My experience with a cappella

I was involved in my campus’s a cappella group in college. Before they accepted me as a singer, I did some arranging for the group. Once I was a real member, I gradually grew into a major leadership role. I lead rehearsals and did a large chunk of our arranging.

Singing group Pentatonix

I personally have never had much interest in a cappella music as a culture. I never listened to Pentatonix or watched Pitch Perfect.* Some of the other members of my group did enjoy some a cappella music, but I don’t think they were in the majority.

Because of this, I think we had a different approach to the genre than most groups. We kind of stayed away from the showy glee club vibe. We never went to conferences or entered competitions. For the most part, we just focused on picking whichever songs we liked and performing them in concerts around campus.

For my part, my arranging was not really based on reference to the a cappella style. I usually started by trying to transcribe the instrument sounds and reproduce them with voices, which is pretty standard. But after that, I would often just try whatever original ideas I wanted to throw in. I like jazz harmony, so a lot of times I would add it to songs that were not originally in that style.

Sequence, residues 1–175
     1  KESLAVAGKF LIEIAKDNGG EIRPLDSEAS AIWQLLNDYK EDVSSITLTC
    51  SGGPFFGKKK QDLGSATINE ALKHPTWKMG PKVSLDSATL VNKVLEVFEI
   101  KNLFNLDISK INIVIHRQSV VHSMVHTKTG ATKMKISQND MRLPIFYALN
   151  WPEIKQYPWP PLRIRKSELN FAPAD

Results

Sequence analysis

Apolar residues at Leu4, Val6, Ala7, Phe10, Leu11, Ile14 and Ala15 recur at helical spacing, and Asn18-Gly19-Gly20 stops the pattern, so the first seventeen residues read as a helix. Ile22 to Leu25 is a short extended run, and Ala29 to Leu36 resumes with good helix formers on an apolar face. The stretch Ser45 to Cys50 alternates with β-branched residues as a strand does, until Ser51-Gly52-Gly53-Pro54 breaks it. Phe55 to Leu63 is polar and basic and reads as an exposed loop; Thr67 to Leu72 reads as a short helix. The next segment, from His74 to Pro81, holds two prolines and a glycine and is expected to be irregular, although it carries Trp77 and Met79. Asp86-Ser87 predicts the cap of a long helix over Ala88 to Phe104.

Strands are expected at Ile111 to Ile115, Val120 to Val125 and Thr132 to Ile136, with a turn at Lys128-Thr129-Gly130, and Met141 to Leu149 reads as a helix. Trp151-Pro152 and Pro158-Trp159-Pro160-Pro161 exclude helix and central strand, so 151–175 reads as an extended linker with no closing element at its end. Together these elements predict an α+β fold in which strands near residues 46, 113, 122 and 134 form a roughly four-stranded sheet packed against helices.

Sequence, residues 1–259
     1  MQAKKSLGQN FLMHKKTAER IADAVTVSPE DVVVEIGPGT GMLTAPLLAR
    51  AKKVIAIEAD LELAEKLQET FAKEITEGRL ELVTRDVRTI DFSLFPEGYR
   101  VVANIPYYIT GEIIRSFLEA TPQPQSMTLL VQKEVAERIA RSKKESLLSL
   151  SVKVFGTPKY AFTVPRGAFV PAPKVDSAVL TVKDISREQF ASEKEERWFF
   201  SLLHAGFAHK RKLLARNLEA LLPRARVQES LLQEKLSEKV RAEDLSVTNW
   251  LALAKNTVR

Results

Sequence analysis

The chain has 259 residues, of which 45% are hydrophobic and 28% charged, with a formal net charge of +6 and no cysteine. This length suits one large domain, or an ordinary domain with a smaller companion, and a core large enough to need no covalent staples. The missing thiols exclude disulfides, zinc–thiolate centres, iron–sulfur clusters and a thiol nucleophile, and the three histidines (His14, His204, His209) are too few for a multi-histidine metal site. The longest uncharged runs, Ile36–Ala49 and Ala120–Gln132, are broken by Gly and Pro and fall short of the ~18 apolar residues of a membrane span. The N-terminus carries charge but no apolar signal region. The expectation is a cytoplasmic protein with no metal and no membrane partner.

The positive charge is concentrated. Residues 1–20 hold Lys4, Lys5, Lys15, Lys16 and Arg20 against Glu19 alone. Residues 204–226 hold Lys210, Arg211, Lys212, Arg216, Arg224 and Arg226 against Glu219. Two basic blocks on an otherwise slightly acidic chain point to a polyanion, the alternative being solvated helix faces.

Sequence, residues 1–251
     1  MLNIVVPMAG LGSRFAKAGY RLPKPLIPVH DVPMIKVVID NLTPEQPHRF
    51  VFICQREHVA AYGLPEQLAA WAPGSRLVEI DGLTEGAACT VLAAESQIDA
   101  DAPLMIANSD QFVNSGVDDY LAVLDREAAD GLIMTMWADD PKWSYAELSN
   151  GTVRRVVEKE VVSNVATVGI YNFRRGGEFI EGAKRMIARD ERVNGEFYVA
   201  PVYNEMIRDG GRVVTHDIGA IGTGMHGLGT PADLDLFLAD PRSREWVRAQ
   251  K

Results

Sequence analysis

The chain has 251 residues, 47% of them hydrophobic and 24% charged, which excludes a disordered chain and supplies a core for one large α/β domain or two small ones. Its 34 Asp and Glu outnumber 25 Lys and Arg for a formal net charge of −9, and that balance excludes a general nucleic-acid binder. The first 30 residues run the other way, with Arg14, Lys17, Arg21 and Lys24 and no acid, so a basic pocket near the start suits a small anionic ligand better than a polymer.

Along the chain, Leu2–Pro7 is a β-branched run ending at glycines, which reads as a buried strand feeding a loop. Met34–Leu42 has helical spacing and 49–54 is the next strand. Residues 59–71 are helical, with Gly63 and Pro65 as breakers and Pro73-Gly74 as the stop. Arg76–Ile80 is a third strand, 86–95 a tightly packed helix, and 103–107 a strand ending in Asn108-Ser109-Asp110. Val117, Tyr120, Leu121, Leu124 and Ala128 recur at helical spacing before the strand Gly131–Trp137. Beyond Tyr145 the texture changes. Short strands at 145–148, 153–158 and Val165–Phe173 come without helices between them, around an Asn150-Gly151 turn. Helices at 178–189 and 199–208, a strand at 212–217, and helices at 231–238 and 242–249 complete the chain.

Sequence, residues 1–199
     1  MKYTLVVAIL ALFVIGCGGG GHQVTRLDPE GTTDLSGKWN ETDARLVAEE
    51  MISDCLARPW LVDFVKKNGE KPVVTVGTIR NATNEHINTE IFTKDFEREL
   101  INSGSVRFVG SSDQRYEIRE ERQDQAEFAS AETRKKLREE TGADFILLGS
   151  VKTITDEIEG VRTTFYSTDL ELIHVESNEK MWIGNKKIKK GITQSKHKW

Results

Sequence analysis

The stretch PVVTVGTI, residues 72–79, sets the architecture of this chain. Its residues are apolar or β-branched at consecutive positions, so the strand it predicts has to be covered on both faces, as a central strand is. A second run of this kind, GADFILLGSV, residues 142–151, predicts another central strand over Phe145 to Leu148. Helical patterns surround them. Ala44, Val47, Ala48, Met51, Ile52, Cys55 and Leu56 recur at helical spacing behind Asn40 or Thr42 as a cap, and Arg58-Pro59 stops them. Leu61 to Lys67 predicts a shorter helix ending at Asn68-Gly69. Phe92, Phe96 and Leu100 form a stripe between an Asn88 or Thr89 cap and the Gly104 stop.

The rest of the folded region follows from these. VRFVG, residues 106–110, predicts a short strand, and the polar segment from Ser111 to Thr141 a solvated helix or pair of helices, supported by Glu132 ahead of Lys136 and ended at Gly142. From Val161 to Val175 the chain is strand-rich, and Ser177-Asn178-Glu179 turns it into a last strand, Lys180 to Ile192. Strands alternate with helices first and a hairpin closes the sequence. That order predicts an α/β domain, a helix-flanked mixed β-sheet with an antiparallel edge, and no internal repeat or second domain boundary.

A really fun part of the group was that I could trust the other members to tell me if something didn’t work. That gave me a lot of freedom to experiment and fail, with a short feedback loop. The end result was that we had a fairly unique style that felt less like “a cappella” and more like “people getting together and singing songs they like with just their voices”. I liked that, because it meant the possibilities were a lot wider than just a specific genre.

Let me know your thoughts at my Ctrl-C email: gome ​@ ​

* But I do enjoy The Blenders’ Christmas music, as a childhood favorite.